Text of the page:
State of the Market
The market saw strong early February gains, no doubt helped by hype for the Super Match Day announcement which, as per the live blog, turned out to be a fuss about nothing.
Since, it has gained consistently at a nice steady pace. It’s generally a pretty kind market to be trading in overall.
But, looking at who is rising and falling in February, it’s is really hammering home the importance of being on trend, with a lean, mean portfolio that doesn’t carry any obvious deadweight. That’s Objective 1 of the Key Strategy, and was even part of the last Winter Key Strategy too.
When Scouting all day yesterday, it was really notable how even the most elite veterans were having to battle incredibly hard to keep their price or gain value. They can do it, but they have to be playing out of their skin.
By contrast, a young player just has to breathe on the football and he can be bought heavily.
It’s very difficult to be selling players who are 28 and older right now.
This is very different to earlier in the season where performance strength on it’s own would carry a player to a very high price.
It’s also important to bear in mind though that age is not the only factor in play.
There are plenty of examples of young players at 20-24 who have been dropping too if they are the wrong young players.
And by wrong, I mean they lack the Key Strategy Full Season Fit or sometimes because they aren’t living up to the hype.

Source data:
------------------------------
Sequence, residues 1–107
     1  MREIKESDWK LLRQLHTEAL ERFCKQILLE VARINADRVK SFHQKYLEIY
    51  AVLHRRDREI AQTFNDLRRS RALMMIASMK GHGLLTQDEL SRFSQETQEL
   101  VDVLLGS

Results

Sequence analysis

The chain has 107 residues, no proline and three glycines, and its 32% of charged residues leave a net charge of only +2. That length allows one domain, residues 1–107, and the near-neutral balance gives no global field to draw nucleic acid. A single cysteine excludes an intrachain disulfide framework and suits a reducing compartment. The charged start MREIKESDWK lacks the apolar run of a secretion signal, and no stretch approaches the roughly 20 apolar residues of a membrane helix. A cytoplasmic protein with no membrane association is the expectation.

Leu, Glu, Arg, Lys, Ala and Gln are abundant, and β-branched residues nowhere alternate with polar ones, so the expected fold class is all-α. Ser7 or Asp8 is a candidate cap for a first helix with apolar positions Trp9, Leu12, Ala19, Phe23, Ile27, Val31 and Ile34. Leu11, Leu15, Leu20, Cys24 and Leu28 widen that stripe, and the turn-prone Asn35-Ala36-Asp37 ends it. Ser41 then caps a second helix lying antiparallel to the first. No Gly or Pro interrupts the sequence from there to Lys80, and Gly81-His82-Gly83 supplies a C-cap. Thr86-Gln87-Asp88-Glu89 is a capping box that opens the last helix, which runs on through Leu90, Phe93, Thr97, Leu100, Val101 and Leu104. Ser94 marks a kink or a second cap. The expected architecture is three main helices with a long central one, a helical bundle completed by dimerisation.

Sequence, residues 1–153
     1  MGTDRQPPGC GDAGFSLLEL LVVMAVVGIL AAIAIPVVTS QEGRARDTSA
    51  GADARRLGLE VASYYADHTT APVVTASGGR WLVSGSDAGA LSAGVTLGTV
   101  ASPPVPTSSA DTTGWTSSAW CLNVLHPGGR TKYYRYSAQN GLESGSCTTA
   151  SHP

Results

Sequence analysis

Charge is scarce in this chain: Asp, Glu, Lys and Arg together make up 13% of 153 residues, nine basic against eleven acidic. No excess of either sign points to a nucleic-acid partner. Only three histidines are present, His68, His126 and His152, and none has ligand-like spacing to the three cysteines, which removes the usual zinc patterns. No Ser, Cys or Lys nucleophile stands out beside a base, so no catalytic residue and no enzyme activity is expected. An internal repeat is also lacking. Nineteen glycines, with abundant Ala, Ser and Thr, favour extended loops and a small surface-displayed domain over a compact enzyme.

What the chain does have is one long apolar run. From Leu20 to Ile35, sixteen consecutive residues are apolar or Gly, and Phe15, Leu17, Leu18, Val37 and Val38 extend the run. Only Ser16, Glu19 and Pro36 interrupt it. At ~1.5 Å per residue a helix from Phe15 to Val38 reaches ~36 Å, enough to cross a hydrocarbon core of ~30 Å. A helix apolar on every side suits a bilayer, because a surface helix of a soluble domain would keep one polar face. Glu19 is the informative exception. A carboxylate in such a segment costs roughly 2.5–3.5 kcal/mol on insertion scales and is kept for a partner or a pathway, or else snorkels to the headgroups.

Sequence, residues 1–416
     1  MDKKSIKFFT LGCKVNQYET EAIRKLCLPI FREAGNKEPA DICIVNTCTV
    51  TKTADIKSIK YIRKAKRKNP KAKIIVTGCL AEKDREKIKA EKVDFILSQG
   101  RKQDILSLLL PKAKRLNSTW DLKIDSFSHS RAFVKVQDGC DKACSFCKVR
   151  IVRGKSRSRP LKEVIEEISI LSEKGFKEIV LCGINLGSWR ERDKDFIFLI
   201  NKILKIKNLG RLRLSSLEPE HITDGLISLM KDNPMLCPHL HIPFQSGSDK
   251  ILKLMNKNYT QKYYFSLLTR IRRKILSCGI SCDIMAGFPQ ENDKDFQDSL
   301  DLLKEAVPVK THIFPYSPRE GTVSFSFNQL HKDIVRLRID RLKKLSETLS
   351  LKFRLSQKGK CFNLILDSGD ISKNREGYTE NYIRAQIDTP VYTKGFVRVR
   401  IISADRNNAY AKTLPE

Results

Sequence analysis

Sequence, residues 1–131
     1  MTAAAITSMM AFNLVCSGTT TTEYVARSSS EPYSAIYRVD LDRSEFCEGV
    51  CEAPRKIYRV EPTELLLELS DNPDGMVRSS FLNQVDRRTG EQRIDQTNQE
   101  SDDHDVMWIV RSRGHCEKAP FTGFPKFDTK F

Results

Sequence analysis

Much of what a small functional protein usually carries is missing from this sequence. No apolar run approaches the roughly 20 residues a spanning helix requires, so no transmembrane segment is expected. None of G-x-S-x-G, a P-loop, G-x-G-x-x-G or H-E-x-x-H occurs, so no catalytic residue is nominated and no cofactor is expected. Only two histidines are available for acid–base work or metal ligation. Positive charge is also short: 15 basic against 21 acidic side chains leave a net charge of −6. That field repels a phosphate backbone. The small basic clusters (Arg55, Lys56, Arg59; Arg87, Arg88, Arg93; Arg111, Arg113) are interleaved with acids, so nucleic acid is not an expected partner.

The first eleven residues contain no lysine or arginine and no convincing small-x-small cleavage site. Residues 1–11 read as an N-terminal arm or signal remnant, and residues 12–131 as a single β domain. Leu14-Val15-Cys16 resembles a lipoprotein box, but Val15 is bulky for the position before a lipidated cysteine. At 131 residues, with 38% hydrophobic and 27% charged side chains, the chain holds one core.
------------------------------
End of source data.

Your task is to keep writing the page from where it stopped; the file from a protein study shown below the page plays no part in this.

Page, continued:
Since interest in Cherki and Haaland revived the youth trend, we’ve seen the typical thing that happens when a new trend starts, or in this case revives.
Cherki and Haaland, even though they are grossly overpriced by now, do have some merit. Haaland is likely an awful performance player. But he does look a good goalscorer. And that can be worth £2-3 on FI for the best of this player type.
But, they’ve reached high prices. The best of the rise is gone and most people know it. So the search for “the next” begins.
The problem with the search for “the next” is that traders scrape further and further into the bottom of the barrel until they are paying stupid prices for young players with almost no merit at all.
It starts with the gold rush. Then the gold is gone, the silver runs out soon afterwards, and then before long people are left holding up lumps of coal pretending it’s valuable.
I avoid falling into this trap, particularly if these players have already had a surge on the market. Whilst they can profit from the surge, their weakness is exposed before long.
We’ve seen this plenty of times recently with both the early October youth surge (which was quickly wiped out with the overbought youth end taking withering losses just weeks later) and the “flying fullback” craze too.
TAA led the flying fullback thing. But the search for “the next” led people into buying players like Chilwell too heavily, who then take a hefty climb down not long after because people realise they aren’t that great.
This doesn’t mean we shouldn’t use this trend for our advantage, we absolutely should.
Avoiding the Pitfalls of the Youth Trend
The first thing is to protect ourselves from losses. If we have struck it lucky with a player that is now the social media “must have” and we know they are at a price well ahead of their true value – statistically speaking the most profitable move is to cash in and move on.